Paul Martin: I would support it. Provided they were very small amounts. That doesn’t mean legalizing it. But in terms of decriminalizing it – I don’t think that someone should have a criminal record because they got caught with a very small amount. But anybody caught with an amount that could be trafficked, I think, should be punished severely.

The Concordian: Although women make up half the population, they make up only 20 per cent of seats in the Parliament. What role should party leaders play in ensuring that more women run in the elections?

Paul Martin: I think this is a very important role of the party leader. It is a matter of great regret to me that I was not able to do more as Prime Minister. We really tried to encourage women to run, but an awful lot of it is the nomination process. Nomination processes are sometimes very expensive, rough and bruising. And unless they’ve spent a long time in politics, that process turns women off. I also think that women get turned off by behaviour in Parliament. And quite properly. I used to sit by Anne McLellan and we used to talk about this. I’ve talked to a lot of women who have said, ‘Why would I run? Look at this mess.’ You see so many NGO’s headed by women. Women want to be in public life. They just don’t want to go through the useless theatre that so much of parliament is. I don’t blame them, I think parliament has got to clean up its act.

Martin sounds off on.

Party switching.

“If you have a difference with the party in office, I think that switching is understandable. If your reason is simply personal ambition and not principle then I think people obviously are going to be disillusioned. Scott Bryson and Belinda Stronach, I believe, switched for reasons of principle.”

Negative campaigning.

“I do believe, an election campaign is about debating the various issues. I think that it’s perfectly fair to show where you disagree with another political party. You have to distinguish between your position and the other person’s position. I don’t think that’s negative advertising. But where you simply call people names, I don’t think that makes any sense at all and I don’t think it wins votes.”

Continuing past government programs within a new government sphere.

“It shouldn’t be that with a change in government you bring a halt to major progress. I can’t believe that we’re going to allow our Aboriginal Canadians not to progress or that we’re not going to have a national child care program. [And] I can’t believe that we’re not going to take an active role in Africa. These are things that should be debated.”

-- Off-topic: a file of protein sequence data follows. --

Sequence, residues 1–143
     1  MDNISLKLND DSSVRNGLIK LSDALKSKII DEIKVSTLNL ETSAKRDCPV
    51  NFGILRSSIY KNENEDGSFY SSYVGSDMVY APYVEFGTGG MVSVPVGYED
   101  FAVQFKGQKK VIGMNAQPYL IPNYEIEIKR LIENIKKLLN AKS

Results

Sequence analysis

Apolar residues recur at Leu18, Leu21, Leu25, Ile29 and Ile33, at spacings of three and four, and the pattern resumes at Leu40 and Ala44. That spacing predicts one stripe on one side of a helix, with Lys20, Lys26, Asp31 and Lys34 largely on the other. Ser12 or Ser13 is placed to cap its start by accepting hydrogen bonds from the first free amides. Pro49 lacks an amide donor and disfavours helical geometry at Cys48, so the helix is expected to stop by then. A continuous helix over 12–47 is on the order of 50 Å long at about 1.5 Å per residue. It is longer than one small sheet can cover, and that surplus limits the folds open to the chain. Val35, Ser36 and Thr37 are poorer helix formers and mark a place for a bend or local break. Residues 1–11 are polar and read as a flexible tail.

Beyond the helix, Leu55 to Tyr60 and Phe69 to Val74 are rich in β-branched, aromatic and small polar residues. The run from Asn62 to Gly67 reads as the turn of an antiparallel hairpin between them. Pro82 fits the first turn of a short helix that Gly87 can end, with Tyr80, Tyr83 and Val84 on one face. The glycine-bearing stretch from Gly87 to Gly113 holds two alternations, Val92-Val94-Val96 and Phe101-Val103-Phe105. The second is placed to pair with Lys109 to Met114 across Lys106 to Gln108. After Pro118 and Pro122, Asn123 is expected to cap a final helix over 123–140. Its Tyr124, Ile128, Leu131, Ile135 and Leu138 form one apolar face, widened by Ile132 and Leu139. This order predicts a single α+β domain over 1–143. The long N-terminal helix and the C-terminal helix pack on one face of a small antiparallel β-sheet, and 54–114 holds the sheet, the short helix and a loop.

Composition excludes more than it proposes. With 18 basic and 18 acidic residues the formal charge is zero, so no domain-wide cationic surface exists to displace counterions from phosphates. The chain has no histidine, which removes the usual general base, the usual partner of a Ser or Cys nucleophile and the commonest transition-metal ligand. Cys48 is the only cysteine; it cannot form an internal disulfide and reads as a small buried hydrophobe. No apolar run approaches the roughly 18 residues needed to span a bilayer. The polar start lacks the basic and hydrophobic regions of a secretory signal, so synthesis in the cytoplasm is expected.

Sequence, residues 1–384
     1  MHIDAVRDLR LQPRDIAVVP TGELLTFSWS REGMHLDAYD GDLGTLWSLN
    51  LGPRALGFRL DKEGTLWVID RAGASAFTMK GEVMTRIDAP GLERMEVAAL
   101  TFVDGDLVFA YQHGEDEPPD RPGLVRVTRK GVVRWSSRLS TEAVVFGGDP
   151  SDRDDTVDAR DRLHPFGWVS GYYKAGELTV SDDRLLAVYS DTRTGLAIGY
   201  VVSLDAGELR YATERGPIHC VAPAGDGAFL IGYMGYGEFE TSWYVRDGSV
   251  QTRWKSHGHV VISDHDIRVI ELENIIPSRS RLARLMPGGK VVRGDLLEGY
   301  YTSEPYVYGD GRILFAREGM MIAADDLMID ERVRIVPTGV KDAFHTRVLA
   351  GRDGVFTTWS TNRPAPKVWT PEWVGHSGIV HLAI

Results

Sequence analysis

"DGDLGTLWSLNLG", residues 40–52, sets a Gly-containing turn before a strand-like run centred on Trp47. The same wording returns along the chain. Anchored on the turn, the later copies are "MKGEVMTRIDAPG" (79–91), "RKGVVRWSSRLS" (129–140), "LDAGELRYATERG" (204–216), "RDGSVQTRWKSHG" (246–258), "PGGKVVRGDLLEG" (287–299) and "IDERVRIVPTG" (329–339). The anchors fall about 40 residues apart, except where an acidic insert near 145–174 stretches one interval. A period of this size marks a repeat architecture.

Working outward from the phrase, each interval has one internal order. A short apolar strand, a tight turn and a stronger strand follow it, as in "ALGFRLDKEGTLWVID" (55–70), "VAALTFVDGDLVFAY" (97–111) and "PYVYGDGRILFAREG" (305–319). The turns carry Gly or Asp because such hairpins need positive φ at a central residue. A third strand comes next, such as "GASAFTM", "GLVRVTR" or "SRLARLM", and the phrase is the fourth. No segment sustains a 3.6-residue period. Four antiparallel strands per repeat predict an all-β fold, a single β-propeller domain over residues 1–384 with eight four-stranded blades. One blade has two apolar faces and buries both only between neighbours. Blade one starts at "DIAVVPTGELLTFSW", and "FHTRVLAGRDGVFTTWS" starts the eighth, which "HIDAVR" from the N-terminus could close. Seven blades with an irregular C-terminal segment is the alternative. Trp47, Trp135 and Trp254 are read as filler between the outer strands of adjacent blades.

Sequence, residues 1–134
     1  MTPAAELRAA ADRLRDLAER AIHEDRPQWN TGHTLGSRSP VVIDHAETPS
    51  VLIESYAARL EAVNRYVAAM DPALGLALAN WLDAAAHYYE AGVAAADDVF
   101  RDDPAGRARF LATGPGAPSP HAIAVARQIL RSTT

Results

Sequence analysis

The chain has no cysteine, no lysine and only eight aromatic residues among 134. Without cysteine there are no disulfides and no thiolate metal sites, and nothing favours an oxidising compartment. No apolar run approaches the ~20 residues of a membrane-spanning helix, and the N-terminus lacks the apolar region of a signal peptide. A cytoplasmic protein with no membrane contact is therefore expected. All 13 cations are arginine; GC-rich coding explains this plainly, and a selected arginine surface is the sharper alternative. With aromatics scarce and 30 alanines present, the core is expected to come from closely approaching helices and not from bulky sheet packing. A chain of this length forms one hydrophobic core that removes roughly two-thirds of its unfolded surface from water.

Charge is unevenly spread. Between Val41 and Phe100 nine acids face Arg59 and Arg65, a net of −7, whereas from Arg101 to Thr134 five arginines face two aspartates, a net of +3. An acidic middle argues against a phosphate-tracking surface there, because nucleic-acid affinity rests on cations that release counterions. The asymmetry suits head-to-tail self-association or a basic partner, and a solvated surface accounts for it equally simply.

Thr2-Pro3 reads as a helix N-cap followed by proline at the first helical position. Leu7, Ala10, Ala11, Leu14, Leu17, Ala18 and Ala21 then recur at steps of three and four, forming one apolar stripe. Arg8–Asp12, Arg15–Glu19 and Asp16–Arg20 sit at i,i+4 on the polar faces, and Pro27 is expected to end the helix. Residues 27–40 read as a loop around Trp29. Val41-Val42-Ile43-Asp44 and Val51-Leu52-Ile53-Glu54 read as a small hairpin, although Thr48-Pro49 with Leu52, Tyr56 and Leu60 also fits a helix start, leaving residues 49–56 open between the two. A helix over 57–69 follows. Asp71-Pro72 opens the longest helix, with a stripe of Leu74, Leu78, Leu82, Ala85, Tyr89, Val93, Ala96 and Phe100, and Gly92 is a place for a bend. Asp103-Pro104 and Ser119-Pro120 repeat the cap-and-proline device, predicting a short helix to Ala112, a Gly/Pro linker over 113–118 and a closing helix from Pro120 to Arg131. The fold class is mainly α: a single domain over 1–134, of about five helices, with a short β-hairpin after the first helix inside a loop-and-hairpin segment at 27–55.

Martin answers your questions

Q: What do you foresee as the future role of private enterprise within a public education system in the next 15 years? – Khaleed Juma, 22, economics.

Paul Martin: I believe that our education system should remain in public hands. I think that companies in terms of endowing universities, endowing research centres, I think that’s a good thing. I’m very much in favour of that. If you take a look at the deterioration in the European education system it is because, in fact, they’re not getting involved. But if the question is, do I believe in the privatization of our universities? No, I don’t. I believe in the public education system.

Q: What is your biggest regret from your time as Prime Minister? – Nick Bleser, 23, political science.

Paul Martin: That I wasn’t able to complete the agenda that I set out in terms of early learning and child care, the educational program, the Aboriginal [Peoples] issues and the environmental agenda. I think we made major progress but not nearly enough.

Q: What do you say to students who are disappointed that Canada did not denounce the war in Iraq as unjust on a human level? – Yassin Al Salman, 23, graduate communication studies.

Paul Martin: Canada opposed the invasion of Iraq. But once it happened, Canada’s concern is that a government be put in place in Iraq that is able to govern for the benefit of the people of Iraq and that the reconstruction of Iraq can begin.

Q: When you were finance minister, previous party spending left major budget deficits forcing you to cut money from social services and education. These cuts have been detrimental to education. In retrospect, would you still have cut money from education? – Brent Farrington, 22, urban planning and art history.

Paul Martin: There’s no doubt that Canada was in a position in 1994, 1995, that if we hadn’t dealt with the deficit we would have found ourselves very much in the hands of the IMF [International Monetary Fund]. So it was either deal with the issue then, or you would have seen drastic cuts in healthcare and education within a matter of years. So we took action when we did, in fact the action should have been taken years earlier. As a result of the action that we took, our education spending and our healthcare spending within a matter of four years had wrapped up substantially to the point where now it’s at an all time high, even taking into account inflation. Fundamentally what I believe that we did is that we saved the education system.